Does the FBI see an increase of crime on Cyber Monday?
There isn’t necessarily an increase on Cyber Monday of reporting. What we usually see is people don’t find out about the scam until later, maybe weeks or months later when they check their credit card statement and see that they’ve been charged for something they didn’t order or someone else is ordering things with their credit card information.
The bottom line
I think the key is slow down. I think people get in a rush, so slow down, pay attention to what you’re buying, what information you’re giving away. It is avoidable. Criminal actors are very good, but I think the key like I said is just slow down, look at what you’re doing, think about the information you’re giving away who it’s going to and make sure make very sure it’s going to the right place.
- 06.01.2023 — Video Loop of Phoenix Field Office Entrance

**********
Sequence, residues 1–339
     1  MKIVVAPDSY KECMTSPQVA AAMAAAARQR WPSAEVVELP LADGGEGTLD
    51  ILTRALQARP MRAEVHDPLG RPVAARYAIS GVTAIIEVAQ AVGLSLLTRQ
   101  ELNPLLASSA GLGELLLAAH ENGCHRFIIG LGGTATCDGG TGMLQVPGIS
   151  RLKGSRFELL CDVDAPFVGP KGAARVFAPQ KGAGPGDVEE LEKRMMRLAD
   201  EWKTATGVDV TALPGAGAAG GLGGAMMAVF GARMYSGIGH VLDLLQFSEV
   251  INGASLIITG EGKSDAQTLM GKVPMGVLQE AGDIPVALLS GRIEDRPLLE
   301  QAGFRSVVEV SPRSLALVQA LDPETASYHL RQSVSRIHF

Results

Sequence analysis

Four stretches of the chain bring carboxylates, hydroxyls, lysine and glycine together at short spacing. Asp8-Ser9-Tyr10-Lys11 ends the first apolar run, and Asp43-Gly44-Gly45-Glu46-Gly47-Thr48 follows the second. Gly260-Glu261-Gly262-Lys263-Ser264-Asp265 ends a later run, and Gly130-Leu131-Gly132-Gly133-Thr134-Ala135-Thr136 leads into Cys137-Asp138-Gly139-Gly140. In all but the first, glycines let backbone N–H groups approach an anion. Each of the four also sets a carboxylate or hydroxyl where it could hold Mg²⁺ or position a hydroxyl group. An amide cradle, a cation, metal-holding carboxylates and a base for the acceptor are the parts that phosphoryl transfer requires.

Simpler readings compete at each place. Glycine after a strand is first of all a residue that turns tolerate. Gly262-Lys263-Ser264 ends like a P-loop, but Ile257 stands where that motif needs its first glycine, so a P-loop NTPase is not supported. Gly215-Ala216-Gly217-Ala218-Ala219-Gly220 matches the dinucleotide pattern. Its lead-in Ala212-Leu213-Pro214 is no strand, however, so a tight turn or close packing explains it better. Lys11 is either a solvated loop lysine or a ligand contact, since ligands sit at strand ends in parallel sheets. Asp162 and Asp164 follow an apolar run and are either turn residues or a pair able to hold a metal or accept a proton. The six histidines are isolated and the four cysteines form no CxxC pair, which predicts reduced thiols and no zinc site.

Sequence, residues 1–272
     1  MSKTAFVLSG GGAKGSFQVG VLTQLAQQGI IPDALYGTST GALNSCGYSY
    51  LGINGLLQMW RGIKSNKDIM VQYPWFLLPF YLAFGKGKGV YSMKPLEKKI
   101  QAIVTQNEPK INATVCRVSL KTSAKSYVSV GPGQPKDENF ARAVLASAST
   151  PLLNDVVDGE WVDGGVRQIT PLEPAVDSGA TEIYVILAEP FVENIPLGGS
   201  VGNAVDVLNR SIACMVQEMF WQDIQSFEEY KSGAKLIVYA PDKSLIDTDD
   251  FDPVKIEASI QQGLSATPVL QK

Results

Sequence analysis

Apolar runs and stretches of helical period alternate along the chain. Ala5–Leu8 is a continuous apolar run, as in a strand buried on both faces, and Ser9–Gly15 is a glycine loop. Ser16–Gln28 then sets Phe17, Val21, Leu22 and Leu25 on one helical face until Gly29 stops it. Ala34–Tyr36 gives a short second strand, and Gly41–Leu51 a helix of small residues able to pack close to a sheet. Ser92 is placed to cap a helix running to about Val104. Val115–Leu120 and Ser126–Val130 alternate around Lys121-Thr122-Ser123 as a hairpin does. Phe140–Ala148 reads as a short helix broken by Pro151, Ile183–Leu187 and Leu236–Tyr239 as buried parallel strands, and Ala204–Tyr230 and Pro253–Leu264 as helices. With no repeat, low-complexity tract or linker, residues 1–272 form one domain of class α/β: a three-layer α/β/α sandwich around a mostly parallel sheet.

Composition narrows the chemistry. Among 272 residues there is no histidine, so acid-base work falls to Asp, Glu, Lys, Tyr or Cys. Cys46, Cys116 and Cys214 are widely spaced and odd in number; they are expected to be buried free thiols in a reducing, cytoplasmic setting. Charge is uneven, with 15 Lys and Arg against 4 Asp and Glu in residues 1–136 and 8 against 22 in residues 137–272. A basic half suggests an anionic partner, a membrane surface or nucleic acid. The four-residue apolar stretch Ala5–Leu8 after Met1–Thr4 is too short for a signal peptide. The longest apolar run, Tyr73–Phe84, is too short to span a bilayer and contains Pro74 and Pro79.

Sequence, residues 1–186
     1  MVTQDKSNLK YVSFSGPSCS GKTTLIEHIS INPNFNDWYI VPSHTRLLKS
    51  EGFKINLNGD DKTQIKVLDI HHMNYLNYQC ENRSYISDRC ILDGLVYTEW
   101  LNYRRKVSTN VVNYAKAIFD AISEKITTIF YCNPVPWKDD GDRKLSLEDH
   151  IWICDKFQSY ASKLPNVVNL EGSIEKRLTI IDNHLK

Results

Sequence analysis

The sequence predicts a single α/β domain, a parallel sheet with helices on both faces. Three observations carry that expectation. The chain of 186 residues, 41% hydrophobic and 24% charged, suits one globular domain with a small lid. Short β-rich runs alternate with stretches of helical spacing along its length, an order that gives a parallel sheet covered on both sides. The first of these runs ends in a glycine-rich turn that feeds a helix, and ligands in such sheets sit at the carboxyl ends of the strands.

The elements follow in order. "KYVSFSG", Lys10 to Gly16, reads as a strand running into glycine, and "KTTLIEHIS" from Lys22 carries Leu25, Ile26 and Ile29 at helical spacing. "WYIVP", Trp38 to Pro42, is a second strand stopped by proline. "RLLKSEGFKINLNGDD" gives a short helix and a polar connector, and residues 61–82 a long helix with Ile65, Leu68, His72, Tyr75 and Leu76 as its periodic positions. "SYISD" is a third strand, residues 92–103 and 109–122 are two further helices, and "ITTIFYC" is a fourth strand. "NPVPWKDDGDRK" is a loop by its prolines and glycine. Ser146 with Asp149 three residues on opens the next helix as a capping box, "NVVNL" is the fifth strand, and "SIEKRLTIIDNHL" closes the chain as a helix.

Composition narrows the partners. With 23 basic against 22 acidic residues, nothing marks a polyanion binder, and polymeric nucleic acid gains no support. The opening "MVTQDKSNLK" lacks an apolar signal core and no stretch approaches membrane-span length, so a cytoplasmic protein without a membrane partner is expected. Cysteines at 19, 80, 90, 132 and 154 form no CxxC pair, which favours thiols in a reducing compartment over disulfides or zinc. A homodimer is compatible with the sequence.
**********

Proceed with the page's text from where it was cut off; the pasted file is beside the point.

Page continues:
- 05.22.2023 — Video Loop of VS Driving in Arizona
- 05.18.2023 — Beware of Elder Fraud Scams
- 05.12.2023 — Director Wray's 2023 National Police Week Address
- 05.10.2023 — Inside the FBI Podcast: Oasis Ponzi Scheme
- 05.05.2023 — FBI Phoenix Hosts Missing Person Identification Project Event
- 05.02.2023 — Operation SpecTor Targets Darknet Markets
- 04.28.2023 — FBI Los Angeles Air Assault PSA
- 04.25.2023 — FBI Richmond - National Crime Victims' Rights Week
- 04.21.2023 — Inside the FBI: The China Threat
- 04.20.2023 — Seeking Information-Suspect Wanted in Connection with Armed Robberies
- 04.17.2023 — Lumberton Women - Vodcast
- 04.13.2023 — FBI San Francisco: Video Depicting Kidnapping of Monica de Leon Barba (Video 2)
- 04.13.2023 — FBI San Francisco: Video Depicting Kidnapping of Monica de Leon Barba (Video 1)
- 04.10.2023 — Missy Peregrym IC3 PSA
- 04.03.2023 — FBI Cyber at RSA
- 03.08.2023 — FBI Jacksonville Diversity Agent Recruitment Event Trailer: Special Agent Alex Silverstein
- 03.08.2023 — FBI Jacksonville Diversity Agent Recruitment Event Trailer: Special Agent Justin Brannon
- 03.08.2023 — FBI Jacksonville Diversity Agent Recruitment Event Trailer: Special Agent Lauren Regucci
- 03.08.2023 — FBI Jacksonville Diversity Agent Recruitment Event Trailer: Special Agent in Charge Sherri Onks
FBI Weekly Newsletter
Subscribe to our email newsletter for news on the FBI, sent out every week.